-graduate with the chance to enter biglaw and suffer the hours and pay.
-chance at federal or state law clerk positions
-if not big law... at least a law firm (medium size) that pays at least 70k pref. 80k up starting..
-areas of legal interest : Wills and Estates, Family law, PI, crim defense.. real practical law.. I'm not looking at international law or to change the world, just real law that I can turn around and apply to my own solo practice (something I intend to do in the future, but who knows).
-NOTE: the minimum I am willing to accept on my first real law job would be 70k up
I think think your assumption about the pay scale is somewhat unrealistic. I don't know anything about U San Diego or the CA market, but from what I know about other tier 2 schools and the legal market overall, you may be making a mistake. Like most similar schools, to break into Big Law, you'll need to be at the top of your class. Probably the top 10% for what most consider to be true big law. Maybe there will be some leeway for those ranked slightly lower for regional larger law firms that still have some sort of recruiting program, etc., but I wouldn't imagine you could rank any lower than the top 25%.
In any event, once you get out of Big Law, the average starting salary dips to well under $100,000 (and not just for public interest lawyers). Many people assume that if they can't score a job paying $140-160k, then the next tier of jobs will probably pay around $80 or 90k. This isn't the case. There's a chart floating around somewhere showing that law salaries are bimodal - A good chunk of people making 6 figures out of school and an even larger number making around $40-50k with very few making anything in between.
At my school, most people in small to mid size firms are making about $50-60k. It's not that it's impossible to do get higher paying jobs, but they're less plentiful. As for clerkships, state clerkships are usually available to people from almost any reasonably ranked school, but I'd be shocked if any pay $70k or more. Federal clerkship also (as far as I know) are relatively low paying, but they're usually very competitive. Chances are if you can get one, you can also get a biglaw gig (which usually follows most federal clerkships).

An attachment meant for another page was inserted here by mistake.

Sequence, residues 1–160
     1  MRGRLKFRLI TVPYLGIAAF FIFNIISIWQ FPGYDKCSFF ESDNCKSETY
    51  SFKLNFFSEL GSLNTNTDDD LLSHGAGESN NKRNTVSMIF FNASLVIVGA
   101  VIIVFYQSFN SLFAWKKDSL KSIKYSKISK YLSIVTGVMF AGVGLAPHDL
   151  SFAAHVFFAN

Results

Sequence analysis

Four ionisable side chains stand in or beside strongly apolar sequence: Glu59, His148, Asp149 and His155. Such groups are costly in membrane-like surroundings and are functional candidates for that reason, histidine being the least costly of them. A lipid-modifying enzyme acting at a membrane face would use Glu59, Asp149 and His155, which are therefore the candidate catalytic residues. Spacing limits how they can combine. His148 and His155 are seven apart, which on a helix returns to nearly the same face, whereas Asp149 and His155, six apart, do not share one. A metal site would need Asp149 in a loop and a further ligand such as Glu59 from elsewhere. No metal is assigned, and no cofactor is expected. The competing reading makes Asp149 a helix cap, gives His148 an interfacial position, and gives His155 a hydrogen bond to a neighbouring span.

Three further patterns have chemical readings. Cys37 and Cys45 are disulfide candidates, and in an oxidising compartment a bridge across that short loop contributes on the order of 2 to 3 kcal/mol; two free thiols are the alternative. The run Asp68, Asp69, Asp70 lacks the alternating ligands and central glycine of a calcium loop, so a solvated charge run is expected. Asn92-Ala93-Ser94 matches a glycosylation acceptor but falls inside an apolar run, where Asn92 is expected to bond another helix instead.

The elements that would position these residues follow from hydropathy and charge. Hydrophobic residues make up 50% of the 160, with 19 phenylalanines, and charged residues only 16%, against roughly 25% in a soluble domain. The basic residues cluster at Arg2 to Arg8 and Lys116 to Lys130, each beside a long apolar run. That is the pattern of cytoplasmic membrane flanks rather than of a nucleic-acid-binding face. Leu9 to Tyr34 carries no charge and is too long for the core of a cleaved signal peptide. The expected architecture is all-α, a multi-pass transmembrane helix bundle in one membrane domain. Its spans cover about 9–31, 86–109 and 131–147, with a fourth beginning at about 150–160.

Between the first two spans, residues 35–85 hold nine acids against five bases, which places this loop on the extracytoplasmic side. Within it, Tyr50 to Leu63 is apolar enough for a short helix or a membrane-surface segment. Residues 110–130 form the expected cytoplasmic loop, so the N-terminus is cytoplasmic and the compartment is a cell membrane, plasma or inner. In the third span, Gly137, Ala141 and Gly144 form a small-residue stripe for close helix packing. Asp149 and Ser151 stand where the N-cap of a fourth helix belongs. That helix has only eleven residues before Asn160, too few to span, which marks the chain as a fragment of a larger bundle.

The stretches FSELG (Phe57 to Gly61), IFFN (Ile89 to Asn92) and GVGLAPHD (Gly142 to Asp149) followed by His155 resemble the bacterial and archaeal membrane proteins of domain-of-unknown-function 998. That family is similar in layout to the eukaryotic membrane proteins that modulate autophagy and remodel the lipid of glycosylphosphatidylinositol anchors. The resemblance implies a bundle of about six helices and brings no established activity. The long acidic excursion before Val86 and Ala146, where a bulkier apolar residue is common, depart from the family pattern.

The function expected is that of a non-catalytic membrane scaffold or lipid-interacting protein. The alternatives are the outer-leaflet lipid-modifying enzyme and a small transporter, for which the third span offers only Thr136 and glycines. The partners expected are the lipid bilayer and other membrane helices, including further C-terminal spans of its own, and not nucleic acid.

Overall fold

From what I can tell, here's the breakdown of salaries by poisition
Public Defenders: 20's to low 40's
Assistant DA's: Mid 30's to low 50's
Personal Injury: 40's to low 50's
Insurance Defense: 50's to mid 60's
Contract/Temp Doc Review: $70's to low 100 (High range includes overtime; no benefits)
It's important to remember that these are starting salaries, but if your sole goal is to make a big paycheck right out of law school, unless you're at the top of you class, it's going to be tough and there will probably be a few lean years. The real question is do you want to be a lawyer or do you just want to be a professional with a big paycheck. If it's the latter, there are easier paths to that goal than law school.